Pediatric Head and Neck Malignancies: US Incidence and Trends Over 2 Decades | Pediatric Cancer | JAMA Otolaryngology–Head & Neck Surgery | JAMA Network
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Original Article
June 2002

Pediatric Head and Neck Malignancies: US Incidence and Trends Over 2 Decades

Author Affiliations

From the Department of Otolaryngology–Head and Neck Surgery (Dr Albright) and the Division of Oncology Data Services (Mr Topham), Thomas Jefferson University Hospital, Philadelphia, Pa; and the Department of Surgery, Alfred I. DuPont Hospital for Children, Wilmington, Del (Dr Reilly). Dr Albright is now with the Division of Pediatric Otolaryngology–Head and Neck Surgery, Children's Hospital and Health Center, San Diego, Calif.

Arch Otolaryngol Head Neck Surg. 2002;128(6):655-659. doi:10.1001/archotol.128.6.655
Abstract

Background  Recent reports have noted an increase in the overall incidence of pediatric cancer.

Objective  To determine whether this trend is applicable to malignancies of the head and neck in children.

Design  Using the National Cancer Institute's Surveillance, Epidemiology, and End Results tumor database, we determined the incidence of all cancers diagnosed from 1973 through 1996 in children younger than 19 years. This was compared with the incidence of head and neck malignancies within the same population. Rates were then determined for eight 3-year periods from 1973-1975 to 1994-1996 and adjusted by use of three 5-year age groups weighted by the 1970 US standard population.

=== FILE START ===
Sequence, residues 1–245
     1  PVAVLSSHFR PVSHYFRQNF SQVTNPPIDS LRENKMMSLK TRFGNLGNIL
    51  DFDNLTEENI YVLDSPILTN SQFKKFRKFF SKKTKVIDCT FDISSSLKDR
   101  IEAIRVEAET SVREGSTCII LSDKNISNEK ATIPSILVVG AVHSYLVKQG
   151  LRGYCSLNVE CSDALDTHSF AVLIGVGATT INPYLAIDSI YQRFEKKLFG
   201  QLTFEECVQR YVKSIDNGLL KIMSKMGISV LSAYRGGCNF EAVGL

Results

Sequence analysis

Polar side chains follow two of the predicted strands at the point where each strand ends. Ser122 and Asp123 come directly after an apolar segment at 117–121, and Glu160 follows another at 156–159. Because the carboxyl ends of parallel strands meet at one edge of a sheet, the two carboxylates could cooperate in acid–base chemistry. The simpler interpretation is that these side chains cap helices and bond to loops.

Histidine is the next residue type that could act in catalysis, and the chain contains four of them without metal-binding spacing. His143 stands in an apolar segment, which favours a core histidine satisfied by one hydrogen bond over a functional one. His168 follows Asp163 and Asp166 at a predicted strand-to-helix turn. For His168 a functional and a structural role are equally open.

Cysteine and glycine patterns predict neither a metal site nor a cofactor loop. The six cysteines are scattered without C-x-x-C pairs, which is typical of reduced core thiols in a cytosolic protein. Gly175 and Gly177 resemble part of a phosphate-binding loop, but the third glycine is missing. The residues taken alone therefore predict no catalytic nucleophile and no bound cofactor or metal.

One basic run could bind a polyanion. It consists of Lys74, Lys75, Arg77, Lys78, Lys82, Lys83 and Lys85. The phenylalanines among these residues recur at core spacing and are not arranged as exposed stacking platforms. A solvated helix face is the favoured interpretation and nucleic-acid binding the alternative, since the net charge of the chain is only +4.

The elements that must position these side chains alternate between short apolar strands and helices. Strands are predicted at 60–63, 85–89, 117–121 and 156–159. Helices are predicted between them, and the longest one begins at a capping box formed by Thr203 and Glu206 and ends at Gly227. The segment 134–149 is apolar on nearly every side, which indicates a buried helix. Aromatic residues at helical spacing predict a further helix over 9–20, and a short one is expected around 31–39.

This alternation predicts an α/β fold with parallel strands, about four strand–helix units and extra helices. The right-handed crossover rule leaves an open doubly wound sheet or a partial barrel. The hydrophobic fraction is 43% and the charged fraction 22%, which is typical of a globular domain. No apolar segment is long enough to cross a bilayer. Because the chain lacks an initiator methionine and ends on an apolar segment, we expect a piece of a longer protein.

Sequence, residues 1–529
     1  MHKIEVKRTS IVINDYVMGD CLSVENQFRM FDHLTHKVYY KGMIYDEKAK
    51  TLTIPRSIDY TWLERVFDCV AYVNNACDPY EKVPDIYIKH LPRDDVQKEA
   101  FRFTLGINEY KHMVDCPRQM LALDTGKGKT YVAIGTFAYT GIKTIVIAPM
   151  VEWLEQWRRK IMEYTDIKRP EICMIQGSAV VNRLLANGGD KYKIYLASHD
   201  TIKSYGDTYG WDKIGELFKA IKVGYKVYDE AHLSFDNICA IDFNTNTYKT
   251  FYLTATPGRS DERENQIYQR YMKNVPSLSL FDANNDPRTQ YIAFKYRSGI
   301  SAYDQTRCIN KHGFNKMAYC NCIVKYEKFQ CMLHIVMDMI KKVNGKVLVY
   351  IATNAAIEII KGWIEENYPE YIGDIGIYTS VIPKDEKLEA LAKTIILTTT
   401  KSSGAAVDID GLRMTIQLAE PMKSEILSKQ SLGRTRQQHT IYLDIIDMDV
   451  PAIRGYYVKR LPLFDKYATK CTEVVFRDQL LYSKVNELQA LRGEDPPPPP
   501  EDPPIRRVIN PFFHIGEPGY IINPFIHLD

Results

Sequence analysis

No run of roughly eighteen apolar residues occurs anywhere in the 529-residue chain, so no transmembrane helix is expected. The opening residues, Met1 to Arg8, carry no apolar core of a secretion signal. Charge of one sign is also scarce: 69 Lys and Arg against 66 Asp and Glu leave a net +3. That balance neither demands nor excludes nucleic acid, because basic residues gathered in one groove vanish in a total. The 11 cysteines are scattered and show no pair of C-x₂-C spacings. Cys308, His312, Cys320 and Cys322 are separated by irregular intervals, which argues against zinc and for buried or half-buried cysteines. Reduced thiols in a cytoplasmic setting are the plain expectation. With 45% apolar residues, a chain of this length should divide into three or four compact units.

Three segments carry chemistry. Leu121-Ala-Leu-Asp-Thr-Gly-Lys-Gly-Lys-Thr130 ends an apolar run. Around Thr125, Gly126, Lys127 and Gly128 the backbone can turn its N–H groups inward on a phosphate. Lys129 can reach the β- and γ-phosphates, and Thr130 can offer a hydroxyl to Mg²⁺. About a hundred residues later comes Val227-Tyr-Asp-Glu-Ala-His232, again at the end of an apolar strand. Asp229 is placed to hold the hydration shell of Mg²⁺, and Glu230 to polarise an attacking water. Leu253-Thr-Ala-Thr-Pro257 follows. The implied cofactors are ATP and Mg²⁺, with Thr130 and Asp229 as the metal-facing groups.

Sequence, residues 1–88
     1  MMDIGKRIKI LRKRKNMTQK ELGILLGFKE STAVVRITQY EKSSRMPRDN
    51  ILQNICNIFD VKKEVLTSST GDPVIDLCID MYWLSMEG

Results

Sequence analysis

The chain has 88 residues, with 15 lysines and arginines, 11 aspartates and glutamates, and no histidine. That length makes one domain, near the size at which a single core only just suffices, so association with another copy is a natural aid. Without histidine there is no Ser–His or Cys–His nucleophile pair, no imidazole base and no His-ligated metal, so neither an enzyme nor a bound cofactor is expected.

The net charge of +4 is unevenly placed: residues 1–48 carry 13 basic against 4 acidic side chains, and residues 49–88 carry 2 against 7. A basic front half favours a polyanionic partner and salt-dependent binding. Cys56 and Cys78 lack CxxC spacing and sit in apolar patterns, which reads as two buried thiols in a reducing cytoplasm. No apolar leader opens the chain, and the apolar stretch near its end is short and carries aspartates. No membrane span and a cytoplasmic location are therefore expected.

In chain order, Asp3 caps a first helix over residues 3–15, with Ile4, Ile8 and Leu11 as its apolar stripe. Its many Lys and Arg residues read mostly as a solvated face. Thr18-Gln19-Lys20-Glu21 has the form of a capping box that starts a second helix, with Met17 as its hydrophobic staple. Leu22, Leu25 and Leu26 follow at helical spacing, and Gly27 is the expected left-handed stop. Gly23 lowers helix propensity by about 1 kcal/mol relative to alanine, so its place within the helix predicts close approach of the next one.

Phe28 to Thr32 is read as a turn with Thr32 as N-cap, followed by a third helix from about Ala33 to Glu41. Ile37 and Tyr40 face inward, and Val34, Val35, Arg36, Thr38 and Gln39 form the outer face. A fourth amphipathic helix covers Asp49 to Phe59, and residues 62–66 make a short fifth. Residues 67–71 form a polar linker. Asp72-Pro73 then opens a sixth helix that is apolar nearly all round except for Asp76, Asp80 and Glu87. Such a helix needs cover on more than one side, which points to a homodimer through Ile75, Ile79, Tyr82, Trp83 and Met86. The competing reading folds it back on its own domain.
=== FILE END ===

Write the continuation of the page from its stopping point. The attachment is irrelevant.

Results  A total of 24 960 malignancies diagnosed in children younger than 19 years were identified for the study period. From this group, 3050 tumors (12%) were located in the head and neck. The average annual rate of all cancer (number of malignancies per 100 000 person-years) in children younger than 15 years rose 25% from 11.22 (95% confidence interval [CI], 10.70-11.74) for 1973-1975 to 14.03 (95% CI, 13.46-14.60) for 1994-1996. Among malignancies of the head and neck, the incidence rate increased 35% from 1.10 (95% CI, 0.94-1.26) to 1.49 (95% CI, 1.30-1.68) during the same period.

Conclusion  The incidence of head and neck malignancies among children younger than 15 years in the United States from 1973 through 1996 increased at a greater rate than childhood cancer in general.

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